These findings speak to the issue of lack of access to appropriate housing, and suggest that immigrants are more likely to suffer from housing affordability stress and associated impacts that may inhibit positive integration. Given that renting is the most viable option in terms of affordability for low-income earners, the provision of affordable rental housing has become a major concern in Alberta, with average rents increasing by 5.3% since 2014 and rental starts stagnating at around 10%. This has resulted in rental units becoming increasingly limited and expensive.
The Government of Alberta has recently committed to provide $1.2 million to support refugee resettlement. Unfortunately, this level of funding is inadequate to support the scale of resettlement services necessary for facilitating a smooth transition of new refugees into Canadian society. The chart below shows that the combined average rental rate for Edmonton, Calgary, Lethbridge, Red Deer, and Medicine Hat – the five Alberta cities that refugees are expected to be settled in – is $1,068 per month for a two-bedroom unit. In Calgary and Edmonton, the cities expected to accept the majority of refugees, rates are close to $1,285 per month. According to resettlement agencies, federal support for housing refugees is less than $700 per month for a family of four. Based on these rates, and expectations that between 2,000 and 2,100 refugees arriving in the province will require some government assistance, the level of funding currently provided will not be sufficient for providing newcomers with stable and secure housing.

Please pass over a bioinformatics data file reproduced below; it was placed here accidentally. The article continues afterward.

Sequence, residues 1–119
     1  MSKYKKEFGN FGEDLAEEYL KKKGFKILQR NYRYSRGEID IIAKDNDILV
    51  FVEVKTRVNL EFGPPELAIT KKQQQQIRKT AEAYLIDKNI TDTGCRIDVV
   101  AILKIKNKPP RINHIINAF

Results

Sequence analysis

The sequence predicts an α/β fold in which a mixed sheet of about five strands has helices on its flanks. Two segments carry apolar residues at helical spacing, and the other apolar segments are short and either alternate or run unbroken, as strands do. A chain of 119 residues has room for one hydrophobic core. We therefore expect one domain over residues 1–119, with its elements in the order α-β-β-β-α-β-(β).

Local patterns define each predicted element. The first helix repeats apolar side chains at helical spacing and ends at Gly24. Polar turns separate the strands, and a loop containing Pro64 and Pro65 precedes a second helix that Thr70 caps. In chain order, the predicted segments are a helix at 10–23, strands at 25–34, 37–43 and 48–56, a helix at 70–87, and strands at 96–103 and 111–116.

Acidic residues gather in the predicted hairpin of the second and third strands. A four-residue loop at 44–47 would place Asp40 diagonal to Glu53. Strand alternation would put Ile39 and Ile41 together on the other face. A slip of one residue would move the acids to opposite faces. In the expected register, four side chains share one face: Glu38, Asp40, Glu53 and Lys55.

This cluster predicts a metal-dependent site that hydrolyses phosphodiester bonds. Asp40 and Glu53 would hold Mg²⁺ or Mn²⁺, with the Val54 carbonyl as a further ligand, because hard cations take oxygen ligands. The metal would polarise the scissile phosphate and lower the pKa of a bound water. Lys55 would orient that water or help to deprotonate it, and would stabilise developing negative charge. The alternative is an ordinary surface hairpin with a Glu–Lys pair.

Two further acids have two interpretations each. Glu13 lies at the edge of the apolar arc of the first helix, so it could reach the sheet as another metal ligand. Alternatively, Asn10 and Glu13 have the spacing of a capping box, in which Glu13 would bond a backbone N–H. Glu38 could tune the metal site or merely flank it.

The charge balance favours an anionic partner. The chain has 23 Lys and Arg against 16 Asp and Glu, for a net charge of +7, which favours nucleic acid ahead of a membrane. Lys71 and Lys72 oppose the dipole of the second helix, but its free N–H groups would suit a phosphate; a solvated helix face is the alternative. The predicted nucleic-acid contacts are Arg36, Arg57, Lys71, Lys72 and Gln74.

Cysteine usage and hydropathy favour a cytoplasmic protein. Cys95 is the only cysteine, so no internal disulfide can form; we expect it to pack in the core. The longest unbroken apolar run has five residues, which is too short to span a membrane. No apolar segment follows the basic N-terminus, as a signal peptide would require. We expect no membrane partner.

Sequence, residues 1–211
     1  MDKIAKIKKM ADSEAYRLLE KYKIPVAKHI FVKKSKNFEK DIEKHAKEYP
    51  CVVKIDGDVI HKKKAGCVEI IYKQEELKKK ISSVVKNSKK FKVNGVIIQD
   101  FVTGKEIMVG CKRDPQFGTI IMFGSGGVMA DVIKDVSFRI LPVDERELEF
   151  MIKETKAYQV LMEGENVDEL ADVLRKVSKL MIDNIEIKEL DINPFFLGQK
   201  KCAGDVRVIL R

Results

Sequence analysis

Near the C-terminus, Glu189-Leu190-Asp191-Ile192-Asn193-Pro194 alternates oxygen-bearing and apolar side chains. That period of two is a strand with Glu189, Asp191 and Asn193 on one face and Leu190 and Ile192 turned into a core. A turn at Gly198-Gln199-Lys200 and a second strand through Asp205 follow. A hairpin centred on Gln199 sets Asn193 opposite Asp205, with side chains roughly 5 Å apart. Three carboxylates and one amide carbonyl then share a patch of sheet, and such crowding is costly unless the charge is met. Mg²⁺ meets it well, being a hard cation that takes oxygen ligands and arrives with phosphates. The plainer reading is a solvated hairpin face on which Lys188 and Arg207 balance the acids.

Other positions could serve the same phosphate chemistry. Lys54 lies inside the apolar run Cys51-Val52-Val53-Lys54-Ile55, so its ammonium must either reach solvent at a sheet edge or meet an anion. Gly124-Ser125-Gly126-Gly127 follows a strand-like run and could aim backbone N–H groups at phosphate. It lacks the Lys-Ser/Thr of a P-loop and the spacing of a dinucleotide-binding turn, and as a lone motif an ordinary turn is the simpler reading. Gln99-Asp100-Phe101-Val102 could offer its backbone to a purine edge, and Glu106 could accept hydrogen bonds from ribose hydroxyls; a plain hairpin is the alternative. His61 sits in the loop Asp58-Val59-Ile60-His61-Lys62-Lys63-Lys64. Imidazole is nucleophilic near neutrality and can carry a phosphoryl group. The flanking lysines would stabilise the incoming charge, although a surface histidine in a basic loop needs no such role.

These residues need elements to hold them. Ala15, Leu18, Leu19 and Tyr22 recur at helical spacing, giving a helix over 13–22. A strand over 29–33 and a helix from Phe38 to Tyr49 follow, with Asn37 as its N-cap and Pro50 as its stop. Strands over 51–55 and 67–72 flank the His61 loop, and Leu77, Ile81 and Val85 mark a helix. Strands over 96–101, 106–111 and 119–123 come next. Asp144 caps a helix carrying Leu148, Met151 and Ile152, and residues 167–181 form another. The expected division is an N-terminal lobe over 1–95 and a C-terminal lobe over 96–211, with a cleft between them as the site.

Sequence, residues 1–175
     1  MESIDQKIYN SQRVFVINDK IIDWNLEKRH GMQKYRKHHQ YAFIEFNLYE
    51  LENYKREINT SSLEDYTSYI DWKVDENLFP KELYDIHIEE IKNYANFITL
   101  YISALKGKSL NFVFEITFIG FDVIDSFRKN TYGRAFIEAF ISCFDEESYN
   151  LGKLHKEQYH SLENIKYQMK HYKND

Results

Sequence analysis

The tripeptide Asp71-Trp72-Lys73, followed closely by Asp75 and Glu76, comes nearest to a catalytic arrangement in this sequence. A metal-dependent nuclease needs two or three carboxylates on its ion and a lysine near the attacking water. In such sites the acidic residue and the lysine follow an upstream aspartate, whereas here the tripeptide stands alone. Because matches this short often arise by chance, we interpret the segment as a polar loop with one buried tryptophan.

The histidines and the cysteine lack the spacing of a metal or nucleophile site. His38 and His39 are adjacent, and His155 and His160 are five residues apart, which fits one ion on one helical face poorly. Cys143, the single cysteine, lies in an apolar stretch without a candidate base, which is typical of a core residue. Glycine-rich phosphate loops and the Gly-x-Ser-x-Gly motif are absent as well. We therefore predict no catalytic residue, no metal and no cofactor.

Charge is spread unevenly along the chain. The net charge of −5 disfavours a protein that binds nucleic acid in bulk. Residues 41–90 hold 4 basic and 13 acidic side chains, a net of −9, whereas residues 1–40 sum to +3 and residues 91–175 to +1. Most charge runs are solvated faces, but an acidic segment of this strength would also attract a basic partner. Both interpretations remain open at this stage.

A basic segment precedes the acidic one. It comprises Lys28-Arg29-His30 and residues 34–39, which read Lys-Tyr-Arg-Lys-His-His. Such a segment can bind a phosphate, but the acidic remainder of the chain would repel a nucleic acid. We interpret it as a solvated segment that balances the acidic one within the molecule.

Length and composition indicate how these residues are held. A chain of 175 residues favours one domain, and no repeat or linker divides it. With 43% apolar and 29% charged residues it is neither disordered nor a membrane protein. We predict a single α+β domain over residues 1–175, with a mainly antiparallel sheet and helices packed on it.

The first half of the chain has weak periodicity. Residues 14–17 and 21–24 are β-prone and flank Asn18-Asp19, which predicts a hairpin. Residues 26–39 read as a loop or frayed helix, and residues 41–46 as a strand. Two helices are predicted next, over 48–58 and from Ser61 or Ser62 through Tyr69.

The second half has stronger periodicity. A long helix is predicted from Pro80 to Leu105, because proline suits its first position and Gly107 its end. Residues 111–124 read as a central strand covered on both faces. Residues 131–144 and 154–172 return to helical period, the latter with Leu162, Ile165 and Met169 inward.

Research shows that lack of appropriate and affordable housing options and policies may result in the clustering of immigrants and refugees into neighbourhoods and housing situations that limit positive integration (Walks & Bourne, 2006). Clustering of refugees in vertical rental units in lower-income neighbourhoods is a likely outcome based on the current availability and affordability of rental units in the cities expected to accept refugees. Research also indicates that key issues for delivering appropriate housing that meets the needs of immigrants and refugees while aligning with the goals of the province include:
- Facilitating social integration
- Ensuring locations are near to employment opportunities, schools, resources and social organizations
- Need to maintain family units
- Desirable to establish connections with current citizens who may provide networks for integration